We rinsed the casings under the tap.  The casings were not nasty at all, by the way, and were in fact rather miraculous–thin, translucent, and strong.   This process was reminiscent of filling water balloons at the kitchen sink as a kid, except that we did not then run outside with a jiggling armload of them and start throwing them at each other.

I stirred the bowl of freshly ground meat vigorously, adding the red wine and watching as the “primary bind” developed—the meat quickly became sticky and uniform, like meatloaf.

We fried up our tiny test patties—and oh, were they good!

Then we fed the meat through the stuffer.  It was very handy to have two people involved at this point.  Rob added meat to the hopper and pressed it through, while I controlled the rate at which the casings filled.

Once all the meat was in casings, we twisted them off into links.

There are cooking projects I have taken on once, only to decide I might just as well save myself some trouble in future and leave it to the experts (e.g., making mozzarella cheese).  This was not one of them.  A pleasant afternoon of chopping and stirring led directly to eating some of the best, freshest sausage I have ever tasted.  And I knew exactly what went into them, and was able to source the ingredients to my own satisfaction.  Now I have plans for more sausages.  Big plans.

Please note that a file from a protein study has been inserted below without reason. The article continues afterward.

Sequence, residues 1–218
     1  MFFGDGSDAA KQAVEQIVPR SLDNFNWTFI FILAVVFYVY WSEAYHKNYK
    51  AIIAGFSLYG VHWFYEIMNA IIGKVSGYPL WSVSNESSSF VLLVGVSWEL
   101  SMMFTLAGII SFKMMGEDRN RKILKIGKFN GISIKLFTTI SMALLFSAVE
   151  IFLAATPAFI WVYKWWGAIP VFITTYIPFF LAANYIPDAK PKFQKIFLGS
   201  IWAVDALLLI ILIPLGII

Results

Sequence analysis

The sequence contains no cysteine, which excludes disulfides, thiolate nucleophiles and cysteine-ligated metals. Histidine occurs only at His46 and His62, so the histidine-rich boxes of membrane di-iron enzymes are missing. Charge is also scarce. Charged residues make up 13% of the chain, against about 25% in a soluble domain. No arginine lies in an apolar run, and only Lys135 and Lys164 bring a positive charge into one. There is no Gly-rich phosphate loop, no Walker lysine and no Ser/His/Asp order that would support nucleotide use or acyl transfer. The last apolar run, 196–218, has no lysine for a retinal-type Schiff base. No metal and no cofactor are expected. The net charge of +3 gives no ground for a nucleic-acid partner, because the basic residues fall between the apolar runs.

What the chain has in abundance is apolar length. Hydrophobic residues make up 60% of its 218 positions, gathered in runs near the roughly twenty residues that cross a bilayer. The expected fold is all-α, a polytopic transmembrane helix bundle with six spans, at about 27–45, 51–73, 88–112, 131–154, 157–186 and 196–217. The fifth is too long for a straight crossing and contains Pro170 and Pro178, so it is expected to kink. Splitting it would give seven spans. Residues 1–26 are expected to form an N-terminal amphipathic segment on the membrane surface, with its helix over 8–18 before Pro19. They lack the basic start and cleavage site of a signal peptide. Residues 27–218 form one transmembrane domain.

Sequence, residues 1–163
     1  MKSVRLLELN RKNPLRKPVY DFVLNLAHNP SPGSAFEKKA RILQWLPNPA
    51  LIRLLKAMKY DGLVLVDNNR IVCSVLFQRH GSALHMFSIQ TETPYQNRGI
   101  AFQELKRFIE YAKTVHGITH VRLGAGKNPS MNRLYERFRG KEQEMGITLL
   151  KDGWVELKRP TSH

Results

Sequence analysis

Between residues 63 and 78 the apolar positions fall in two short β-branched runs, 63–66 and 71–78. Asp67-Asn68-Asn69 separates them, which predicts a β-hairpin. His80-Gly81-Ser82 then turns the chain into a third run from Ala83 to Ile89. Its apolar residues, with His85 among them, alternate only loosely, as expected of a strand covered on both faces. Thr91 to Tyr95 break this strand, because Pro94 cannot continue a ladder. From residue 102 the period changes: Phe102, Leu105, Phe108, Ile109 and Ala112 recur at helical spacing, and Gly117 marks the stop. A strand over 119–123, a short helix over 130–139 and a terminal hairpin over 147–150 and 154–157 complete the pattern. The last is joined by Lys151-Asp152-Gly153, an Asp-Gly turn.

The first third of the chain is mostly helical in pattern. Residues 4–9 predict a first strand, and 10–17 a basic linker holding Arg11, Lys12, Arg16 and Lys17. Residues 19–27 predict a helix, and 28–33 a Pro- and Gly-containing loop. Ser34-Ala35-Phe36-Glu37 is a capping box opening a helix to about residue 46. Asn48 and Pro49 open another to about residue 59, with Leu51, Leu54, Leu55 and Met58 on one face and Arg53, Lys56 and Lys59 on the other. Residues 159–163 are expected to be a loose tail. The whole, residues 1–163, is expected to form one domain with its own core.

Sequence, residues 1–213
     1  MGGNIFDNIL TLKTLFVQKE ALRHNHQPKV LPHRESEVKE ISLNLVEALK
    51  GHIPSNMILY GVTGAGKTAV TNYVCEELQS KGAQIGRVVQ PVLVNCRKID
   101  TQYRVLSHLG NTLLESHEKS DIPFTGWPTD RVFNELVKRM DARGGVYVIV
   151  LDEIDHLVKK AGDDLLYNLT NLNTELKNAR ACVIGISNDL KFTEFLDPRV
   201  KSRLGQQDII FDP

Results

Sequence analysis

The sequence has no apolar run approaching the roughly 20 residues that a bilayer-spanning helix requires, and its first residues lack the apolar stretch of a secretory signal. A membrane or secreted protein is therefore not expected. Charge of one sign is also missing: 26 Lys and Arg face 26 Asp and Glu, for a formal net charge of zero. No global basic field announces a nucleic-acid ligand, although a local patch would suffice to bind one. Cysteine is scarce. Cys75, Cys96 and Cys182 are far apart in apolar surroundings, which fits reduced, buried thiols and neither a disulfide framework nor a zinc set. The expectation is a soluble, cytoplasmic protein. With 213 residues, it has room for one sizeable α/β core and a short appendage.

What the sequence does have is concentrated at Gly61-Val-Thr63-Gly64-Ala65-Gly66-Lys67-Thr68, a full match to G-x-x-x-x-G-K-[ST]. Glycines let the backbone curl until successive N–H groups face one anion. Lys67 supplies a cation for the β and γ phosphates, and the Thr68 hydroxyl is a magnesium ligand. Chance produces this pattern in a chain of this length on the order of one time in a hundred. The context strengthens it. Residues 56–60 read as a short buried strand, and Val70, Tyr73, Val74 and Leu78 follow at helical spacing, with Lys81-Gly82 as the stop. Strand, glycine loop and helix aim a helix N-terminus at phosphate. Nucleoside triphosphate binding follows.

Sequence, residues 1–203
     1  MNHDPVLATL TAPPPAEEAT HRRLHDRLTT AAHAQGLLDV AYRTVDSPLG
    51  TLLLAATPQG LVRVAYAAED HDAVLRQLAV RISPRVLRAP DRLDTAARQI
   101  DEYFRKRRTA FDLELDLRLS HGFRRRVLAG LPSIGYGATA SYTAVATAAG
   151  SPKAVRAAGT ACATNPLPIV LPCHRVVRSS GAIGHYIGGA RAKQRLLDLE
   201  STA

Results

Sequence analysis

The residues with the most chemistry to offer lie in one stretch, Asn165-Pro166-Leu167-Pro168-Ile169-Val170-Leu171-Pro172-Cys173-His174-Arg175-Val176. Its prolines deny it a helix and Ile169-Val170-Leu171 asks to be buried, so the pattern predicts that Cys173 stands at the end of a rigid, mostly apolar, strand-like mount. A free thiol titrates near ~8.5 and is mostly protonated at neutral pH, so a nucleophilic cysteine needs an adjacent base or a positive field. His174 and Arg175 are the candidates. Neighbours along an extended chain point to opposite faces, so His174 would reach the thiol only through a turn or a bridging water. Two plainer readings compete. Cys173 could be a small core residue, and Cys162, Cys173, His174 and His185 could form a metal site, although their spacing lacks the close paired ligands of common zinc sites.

The instructions in Charcuterie are detailed and comprehensive.  In fact, on first reading, the book can seem a bit pedantic, warning of the all of the possible mistakes that can result in a poor quality sausage.  However, as we proceeded, I could see how necessary each step was to the outcome.  This is not to say that it was a difficult process; it wasn’t.  In fact, when we realized that the battery was dead in Rob’s kitchen scale, we just did what comes naturally to both of us in the kitchen anyway: we estimated amounts.  And that worked just fine.  But there were incredibly helpful instructions on the importance of keeping the grinding blades clear of sinew and the ingredients cold, and we could see for ourselves how this affected the texture of the finished product.